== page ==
Does size really matter?

We are fortunate to work with credit unions of all shapes and sizes. At YCUP, we collaborate with smaller credit unions that are vibrant, growing, and very relevant. We also interact with smaller credit unions that are not thriving and desperately trying to find a viable way forward. Similarly, we work with larger credit unions in both categories: functional and high performing, and dysfunctional, siloed organizations limited from their fuller potential. When it comes to organizational dysfunction, size doesn’t matter. But leadership and culture do. Regardless of a credit union’s size, great leaders find opportunities and develop and nurture a culture where their teams willingly (passionately) join them in the pursuit of great opportunities that result in vitality and relevance.

We’re all small

As of March 31, 2019, CUNA’s National Profile Reports reflect combined credit union assets totaling $1.5 Trillion. Those are the assets of all 5,500 credit unions combined. Only 318 (6 percent) of credit unions have assets of more than $1 billion, and 3,816 (70 percent) have less than $100 million. Compare that to the size of JPMorgan Chase Bank at $2.1 Trillion, Bank of America’s $1.8 Trillion, and Wells Fargo Bank at $1.7 Trillion. Credit union leaders who are overly confident in the asset size of their credit unions need to consider that when it comes to competing for the consumer’s wallet, these behemoths are the financial institutions setting the pace for delivery channels and technology. In 2018 alone, Chase invested approximately $11 billion in technology. I wonder how any of us can “keep up” with these monoliths. Large credit unions should think less about how large they are in comparison to other credit unions and focus on whether they have the culture that will support the innovation and adaptability required to remain relevant in their markets. Smaller credit unions need to worry less about the large credit union they compete with in their market and focus on how they can find a niche where they can compete and win. Believe me when I say there are niche opportunities in every community.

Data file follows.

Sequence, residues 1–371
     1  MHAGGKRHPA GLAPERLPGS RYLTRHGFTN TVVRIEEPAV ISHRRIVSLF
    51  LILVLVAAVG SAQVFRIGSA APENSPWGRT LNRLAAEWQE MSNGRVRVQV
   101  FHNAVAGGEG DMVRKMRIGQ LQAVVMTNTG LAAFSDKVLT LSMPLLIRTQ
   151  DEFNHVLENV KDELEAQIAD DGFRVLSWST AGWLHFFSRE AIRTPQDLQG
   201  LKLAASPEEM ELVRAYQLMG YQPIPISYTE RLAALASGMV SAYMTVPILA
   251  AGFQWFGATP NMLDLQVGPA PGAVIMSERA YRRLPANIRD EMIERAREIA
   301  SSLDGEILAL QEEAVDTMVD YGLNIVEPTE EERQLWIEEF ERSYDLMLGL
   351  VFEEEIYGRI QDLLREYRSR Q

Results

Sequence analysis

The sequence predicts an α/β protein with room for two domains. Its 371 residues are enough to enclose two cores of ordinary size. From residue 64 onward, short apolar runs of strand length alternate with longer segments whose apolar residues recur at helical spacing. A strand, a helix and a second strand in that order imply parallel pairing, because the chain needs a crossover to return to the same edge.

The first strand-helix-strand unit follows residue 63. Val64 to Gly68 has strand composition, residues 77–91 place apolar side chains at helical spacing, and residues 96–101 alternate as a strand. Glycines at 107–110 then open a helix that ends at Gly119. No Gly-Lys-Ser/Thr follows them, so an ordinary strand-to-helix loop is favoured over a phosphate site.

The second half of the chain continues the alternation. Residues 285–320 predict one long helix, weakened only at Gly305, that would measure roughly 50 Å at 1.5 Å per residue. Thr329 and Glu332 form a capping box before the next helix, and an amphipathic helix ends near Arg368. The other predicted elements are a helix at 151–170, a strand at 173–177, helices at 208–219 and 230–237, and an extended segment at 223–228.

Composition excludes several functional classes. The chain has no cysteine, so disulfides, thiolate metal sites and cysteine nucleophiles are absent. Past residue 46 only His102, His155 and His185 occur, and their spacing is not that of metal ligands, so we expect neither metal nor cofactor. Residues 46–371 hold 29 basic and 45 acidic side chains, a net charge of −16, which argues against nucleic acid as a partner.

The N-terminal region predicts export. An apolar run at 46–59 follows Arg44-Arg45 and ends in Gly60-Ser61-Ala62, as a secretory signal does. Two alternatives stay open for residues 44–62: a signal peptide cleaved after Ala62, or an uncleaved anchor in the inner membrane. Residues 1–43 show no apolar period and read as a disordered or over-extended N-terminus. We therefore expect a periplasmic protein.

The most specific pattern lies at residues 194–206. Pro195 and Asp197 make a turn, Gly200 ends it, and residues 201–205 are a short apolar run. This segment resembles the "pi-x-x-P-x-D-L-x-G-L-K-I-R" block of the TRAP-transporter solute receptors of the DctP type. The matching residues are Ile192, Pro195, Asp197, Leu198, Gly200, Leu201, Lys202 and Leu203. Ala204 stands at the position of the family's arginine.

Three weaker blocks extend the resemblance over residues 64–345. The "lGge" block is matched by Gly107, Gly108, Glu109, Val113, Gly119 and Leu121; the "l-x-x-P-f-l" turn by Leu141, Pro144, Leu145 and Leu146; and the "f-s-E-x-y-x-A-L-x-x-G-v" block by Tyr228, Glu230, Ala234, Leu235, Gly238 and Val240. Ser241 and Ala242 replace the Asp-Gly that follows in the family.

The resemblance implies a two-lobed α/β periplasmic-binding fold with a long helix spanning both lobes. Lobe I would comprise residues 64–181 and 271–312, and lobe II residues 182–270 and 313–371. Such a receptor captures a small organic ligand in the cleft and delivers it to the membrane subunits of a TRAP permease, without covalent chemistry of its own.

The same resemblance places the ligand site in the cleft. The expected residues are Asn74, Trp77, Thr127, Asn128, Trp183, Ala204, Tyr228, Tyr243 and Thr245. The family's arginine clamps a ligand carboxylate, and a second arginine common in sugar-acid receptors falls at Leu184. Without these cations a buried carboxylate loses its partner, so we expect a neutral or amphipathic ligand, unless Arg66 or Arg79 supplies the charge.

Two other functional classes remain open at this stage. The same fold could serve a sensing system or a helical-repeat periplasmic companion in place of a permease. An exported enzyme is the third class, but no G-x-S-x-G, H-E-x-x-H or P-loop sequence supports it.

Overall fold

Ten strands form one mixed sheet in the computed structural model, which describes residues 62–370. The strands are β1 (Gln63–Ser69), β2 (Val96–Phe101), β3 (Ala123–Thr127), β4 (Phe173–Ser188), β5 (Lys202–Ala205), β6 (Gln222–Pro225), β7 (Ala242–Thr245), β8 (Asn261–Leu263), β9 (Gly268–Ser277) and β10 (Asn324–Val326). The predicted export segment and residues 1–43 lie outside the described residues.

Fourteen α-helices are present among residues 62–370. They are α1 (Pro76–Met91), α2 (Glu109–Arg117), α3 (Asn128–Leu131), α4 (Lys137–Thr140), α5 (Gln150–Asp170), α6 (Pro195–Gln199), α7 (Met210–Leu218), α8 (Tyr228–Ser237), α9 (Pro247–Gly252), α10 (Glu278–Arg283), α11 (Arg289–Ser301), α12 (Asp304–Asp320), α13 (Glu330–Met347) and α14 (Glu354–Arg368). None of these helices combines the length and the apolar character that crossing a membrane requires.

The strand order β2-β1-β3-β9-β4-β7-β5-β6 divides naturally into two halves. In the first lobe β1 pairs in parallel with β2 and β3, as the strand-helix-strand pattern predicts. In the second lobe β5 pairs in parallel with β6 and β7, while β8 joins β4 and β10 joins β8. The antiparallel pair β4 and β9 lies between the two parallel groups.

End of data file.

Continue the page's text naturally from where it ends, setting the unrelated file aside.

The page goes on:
Having said that…

I do believe all credit unions, regardless of size, should consistently grow at a safe level to ensure they can generate the earnings needed to compete in their niche market, keep up (as quickly as they can) with technology, and recruit and retain the human resources needed for today and tomorrow. When I look ahead five years and longer, I see significant investment coming for credit unions of all sizes, especially for technology and talent. While we’re not-for-profit cooperatives, strong earnings will be needed in the future to differentiate and effectively compete.

There is a race to scale, especially among credit unions in the $500M-$1B asset range – usually among credit unions located in very competitive markets. I know we’re not supposed to talk about credit unions competing, but it’s a reality whenever you have a Field of Membership overlap among large community credit unions. The larger the credit union, the more likely it is to have a mass target market similar to the other credit unions in the area. It’s generally different competing with banks with balance sheets less dominated with consumer loans. When it comes to consumer loans, it’s usually credit union versus credit union. When there is very little differentiation among competitors, size does matter, and mid-sized credit unions want scale to compete (and win).

Why it matters

There are some enormous egos in credit union land. I believe some of these egos are overly inflated by the idea that they are big fish in small ponds. We need to remember that credit unions are all small fish swimming in a very large ocean. Rather than focusing on asset size, let’s focus on how effective we are as leaders in creating the best cultures, regardless of credit union size, and supporting relevance, member impact, community service, growth, revenue, and becoming clearly different and better organizations. Finally, let’s remember the sixth international cooperative principle of “cooperation among cooperatives” and find ways to collaborate and work better together. Now that’s big!